The last note of the organ lingered like the cloud incense in the air. I knelt for a quick thanksgiving as parishioners gathered their things and began to leave the pews at the end of the Sunday Mass. Then there was a gentle tap on my shoulder.
“Excuse me,” the woman behind me spoke. “We were just passing through and happened to stop for this Mass.” She paused, and asked in a hushed, awed tone, “I just wondered, is the music here always like this?” I nodded, understanding her meaning completely. The sacred music at our parish’s High Sunday Mass was breathtaking. My fellow worshipper shook her head in amazement. “We have been blessed,” she said emphatically, obviously deeply moved.
At our daughter’s First Holy Communion Mass last Spring, her godparents and their family made the long drive across town to be present for her big day, filing into the pew behind us just as the glorious processional hymn began. As the Mass ended, I turned to embrace her godmother, my friend Anne. Anne had the same look of amazement on her face. “I feel like we’ve just been in heaven,” she whispered to me.
It was true. And appropriately so: “In the earthly liturgy we share in a foretaste of that heavenly liturgy which is celebrated in the Holy City of Jerusalem toward which we journey as pilgrims, where Christ is sitting at the right hand of God, Minister of the Sanctuary and of the true tabernacle. With all the warriors of the heavenly army we sing a hymn of glory to the Lord…” (CCC 1090) and, because in some places this is less obviously so, a good reminder not to take beautiful liturgy for granted. We had joined this parish, St. Thomas the Apostle in Phoenix, years ago for three reasons: truth – sometimes challenging truth – in the homilies, a vibrant community, and not least of all, beauty in its worship.
The celebration of the Eucharist, the center of the Church’s life and the highpoint of its worship, should be given a dignity and a grandeur worthy of the reality it makes present: Jesus Christ, King of the Universe, really and entirely present in our midst, descending to us and simultaneously offering Himself to the Father for us. The God of our salvation is suspended before us in a humble, translucent host, and we fall to our knees in awe and wonder. He has accomplished what we are utterly incapable of. We join our hearts to His in this most powerful sacrifice, all our little sufferings and trials taking on a significance they could never have on their own. It is a staggering thing, really, and it is fitting when the celebration of it elevates our minds and hearts to such realities, disposing us to the grace we are offered, and using all of our senses to lift us above the ordinary and the everyday: smoky incense, beautiful music, clear bells, flickering candles, reverent motions, rich responses. There is something deeply satisfying about it all, and something that not only connects us to heaven but to the wealth of the traditions of our Catholic history. For a brief moment, time blurs into eternity.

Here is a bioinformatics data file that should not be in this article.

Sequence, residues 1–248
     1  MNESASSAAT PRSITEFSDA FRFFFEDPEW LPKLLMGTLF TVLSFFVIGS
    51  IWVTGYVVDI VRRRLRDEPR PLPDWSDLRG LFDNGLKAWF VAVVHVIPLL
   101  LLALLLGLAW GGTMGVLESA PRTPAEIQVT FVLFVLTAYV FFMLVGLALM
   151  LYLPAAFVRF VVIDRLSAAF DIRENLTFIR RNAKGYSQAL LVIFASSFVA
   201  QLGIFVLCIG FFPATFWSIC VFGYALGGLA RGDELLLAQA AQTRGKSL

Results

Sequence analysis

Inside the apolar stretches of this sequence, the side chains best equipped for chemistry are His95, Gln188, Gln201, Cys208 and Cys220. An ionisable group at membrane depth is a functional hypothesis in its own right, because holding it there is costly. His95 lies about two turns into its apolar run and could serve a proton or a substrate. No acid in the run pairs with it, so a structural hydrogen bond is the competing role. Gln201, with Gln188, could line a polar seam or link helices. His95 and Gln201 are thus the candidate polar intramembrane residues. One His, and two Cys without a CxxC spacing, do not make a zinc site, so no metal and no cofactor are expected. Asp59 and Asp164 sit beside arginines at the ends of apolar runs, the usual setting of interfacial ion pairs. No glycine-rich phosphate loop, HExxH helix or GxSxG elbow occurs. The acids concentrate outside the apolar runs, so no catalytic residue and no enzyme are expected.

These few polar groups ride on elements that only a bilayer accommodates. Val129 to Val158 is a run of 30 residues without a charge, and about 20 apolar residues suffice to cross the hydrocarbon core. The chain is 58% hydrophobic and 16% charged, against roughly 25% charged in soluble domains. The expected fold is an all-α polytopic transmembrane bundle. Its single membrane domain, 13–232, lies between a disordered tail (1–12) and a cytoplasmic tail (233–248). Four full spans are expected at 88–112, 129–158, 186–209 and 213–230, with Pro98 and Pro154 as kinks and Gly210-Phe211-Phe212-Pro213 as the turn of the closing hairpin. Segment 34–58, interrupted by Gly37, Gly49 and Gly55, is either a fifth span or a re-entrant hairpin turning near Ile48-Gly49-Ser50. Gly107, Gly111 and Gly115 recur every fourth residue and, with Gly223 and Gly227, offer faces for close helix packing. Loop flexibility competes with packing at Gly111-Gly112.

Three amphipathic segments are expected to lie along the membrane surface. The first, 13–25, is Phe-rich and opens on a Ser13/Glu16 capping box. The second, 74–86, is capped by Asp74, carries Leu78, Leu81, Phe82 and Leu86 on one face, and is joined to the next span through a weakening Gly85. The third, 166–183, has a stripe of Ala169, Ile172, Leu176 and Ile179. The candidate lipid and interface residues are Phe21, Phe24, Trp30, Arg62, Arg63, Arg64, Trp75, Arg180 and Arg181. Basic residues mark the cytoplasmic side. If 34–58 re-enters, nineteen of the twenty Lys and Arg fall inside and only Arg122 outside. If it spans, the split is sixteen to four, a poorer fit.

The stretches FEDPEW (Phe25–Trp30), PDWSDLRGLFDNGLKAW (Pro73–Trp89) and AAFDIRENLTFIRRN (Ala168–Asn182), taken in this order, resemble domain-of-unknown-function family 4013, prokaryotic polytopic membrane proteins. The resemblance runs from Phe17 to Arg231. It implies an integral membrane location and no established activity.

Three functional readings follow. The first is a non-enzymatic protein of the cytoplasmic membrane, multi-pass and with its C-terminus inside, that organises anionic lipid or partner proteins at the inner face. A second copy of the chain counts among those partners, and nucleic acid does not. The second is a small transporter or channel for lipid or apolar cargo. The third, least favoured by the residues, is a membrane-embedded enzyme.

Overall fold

Of course, the efficacy of this great Sacrament is not contingent on the beauty of the liturgy. And thank goodness for that. I remind my children – and sometimes, myself – when a Mass is less beautiful or reverent that “Jesus was still there” and there in an undiminished and utterly powerful way. God is not limited by the poverty in our worship. He comes regardless, although sometimes the veil is a little thicker, and our prayer becomes more an act of faith. (However, in extreme circumstances, the misery of the conditions seem to make the mystery that much more beautiful. I think of Fr. Jean Bernard’s account of Mass in the clergy barrack in Dachau, two tables pushed together and covered with a bed sheet for an altar, a cross painted on the wall behind it. He remembered thinking in those grim conditions as He looked at the sliver of Host in his hand: ‘As the One for Whom we are suffering all this comes into our midst, as in their hearts hundreds of priests join their offering with that of the Savior, tears roll down my cheeks. It becomes a single offering that certainly creates new ties between heaven and earth.”)